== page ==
Blagojevich Convicted of Just One Count in Corruption Case
Updated: 6:47 p.m.
Former Illinois Gov. Rod Blagojevich (D) was convicted by a federal jury Tuesday of lying to the FBI.
But after two weeks of deliberations, the jury deadlocked on the 23 other corruption counts that the Justice Department had brought in a wide-ranging case against the former governor, and the judge has declared a mistrial.
Assistant U.S. Attorney Reid Schar told the Chicago Tribune, “It is absolutely our intent to retry this.”
Even if prosecutors don’t bring a second corruption case against Blagojevich, he faces a sentence of up to five years in prison and a fine of up to $250,000 for the perjury conviction.
Speaking to reporters after the jury rendered its verdict, Blagojevich hinted that he would appeal the conviction, calling it “one nebulous charge from five years ago.”
The former governor accused the government of spending tens of millions of dollars to try to convict him.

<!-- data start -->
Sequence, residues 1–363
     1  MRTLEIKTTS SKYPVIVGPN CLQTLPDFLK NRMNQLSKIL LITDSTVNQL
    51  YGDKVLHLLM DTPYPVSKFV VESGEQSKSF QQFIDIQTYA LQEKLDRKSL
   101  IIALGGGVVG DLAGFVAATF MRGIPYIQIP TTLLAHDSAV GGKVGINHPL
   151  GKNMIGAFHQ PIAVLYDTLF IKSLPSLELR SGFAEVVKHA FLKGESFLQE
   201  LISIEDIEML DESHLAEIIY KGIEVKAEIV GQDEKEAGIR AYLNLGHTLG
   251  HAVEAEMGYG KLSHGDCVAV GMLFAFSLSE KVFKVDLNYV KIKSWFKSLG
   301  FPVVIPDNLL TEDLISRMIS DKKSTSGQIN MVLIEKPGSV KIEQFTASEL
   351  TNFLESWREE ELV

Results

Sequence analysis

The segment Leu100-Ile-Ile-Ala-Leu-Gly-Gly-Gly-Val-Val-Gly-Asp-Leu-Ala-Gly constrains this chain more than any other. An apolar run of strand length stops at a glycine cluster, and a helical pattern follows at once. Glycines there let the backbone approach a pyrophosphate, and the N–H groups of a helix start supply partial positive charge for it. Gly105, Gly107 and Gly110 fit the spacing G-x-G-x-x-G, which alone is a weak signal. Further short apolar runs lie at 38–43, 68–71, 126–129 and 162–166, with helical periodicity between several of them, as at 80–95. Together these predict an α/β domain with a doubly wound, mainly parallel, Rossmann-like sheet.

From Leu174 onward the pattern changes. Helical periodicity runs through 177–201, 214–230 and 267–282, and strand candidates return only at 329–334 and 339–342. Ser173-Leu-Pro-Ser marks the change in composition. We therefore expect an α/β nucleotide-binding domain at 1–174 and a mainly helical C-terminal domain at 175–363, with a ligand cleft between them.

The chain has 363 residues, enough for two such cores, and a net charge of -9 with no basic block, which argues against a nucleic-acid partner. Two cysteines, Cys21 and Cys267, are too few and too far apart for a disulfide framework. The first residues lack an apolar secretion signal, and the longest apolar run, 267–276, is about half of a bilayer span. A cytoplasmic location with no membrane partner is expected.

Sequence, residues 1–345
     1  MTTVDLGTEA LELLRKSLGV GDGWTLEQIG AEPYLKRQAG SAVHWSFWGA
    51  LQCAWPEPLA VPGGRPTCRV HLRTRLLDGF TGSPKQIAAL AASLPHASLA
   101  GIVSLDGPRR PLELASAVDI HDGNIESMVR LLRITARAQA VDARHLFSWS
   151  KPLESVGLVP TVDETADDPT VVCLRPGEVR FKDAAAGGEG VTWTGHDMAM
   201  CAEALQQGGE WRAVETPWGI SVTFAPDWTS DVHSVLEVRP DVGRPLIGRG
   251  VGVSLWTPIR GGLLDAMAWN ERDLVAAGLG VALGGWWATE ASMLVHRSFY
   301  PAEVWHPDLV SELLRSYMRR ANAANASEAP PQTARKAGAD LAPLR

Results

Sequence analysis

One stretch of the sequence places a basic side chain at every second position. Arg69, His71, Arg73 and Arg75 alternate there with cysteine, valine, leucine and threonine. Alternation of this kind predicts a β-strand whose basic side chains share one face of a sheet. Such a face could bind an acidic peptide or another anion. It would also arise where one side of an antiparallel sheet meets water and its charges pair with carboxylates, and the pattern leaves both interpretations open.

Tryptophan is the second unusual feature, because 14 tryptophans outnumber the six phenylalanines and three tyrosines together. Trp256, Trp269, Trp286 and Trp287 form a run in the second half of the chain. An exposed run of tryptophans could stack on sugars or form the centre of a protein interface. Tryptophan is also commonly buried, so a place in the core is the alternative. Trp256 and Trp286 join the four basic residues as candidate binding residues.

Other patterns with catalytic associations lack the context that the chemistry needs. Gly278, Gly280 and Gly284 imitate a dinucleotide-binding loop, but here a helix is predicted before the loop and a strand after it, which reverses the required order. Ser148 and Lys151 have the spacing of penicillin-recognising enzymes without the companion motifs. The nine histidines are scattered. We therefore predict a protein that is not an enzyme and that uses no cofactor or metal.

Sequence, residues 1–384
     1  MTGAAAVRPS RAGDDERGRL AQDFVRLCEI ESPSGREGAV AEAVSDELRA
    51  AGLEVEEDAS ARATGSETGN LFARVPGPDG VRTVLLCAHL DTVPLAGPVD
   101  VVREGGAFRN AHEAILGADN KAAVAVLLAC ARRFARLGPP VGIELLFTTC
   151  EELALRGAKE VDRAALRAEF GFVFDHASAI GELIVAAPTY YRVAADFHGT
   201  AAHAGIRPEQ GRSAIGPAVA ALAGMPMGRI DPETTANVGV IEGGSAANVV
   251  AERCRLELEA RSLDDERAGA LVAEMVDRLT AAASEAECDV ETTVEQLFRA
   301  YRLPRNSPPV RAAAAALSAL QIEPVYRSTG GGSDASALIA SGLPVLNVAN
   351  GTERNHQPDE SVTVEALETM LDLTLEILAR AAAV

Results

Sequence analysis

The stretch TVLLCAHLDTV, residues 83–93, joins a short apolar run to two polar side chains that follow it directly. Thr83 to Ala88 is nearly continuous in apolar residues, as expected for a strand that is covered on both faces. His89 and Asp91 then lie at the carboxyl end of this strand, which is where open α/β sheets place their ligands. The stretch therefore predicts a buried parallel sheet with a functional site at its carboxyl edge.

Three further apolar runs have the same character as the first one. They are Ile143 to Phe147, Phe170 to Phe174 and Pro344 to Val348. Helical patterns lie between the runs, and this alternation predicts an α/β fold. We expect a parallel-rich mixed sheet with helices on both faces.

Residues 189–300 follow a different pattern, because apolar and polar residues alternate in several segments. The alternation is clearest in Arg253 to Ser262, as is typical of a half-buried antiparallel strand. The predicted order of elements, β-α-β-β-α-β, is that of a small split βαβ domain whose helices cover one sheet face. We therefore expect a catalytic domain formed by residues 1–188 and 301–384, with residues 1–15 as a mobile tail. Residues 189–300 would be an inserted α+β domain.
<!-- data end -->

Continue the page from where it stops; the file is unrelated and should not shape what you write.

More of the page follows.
“I want the people of Illinois to know that I did not lie to the FBI,” he said. “I told the truth from the beginning. This is a persecution.”
Blagojevich was arrested in December 2008 and accused of trying to sell a vacant Senate seat in Illinois, among other corruption charges. The case touched several prominent Illinois politicians, including President Barack Obama, some of his top advisers and Rep. Jesse Jackson Jr. (D).
After being impeached by the Illinois House in early 2009, Blagojevich, who served three terms in the House before being elected governor, resigned.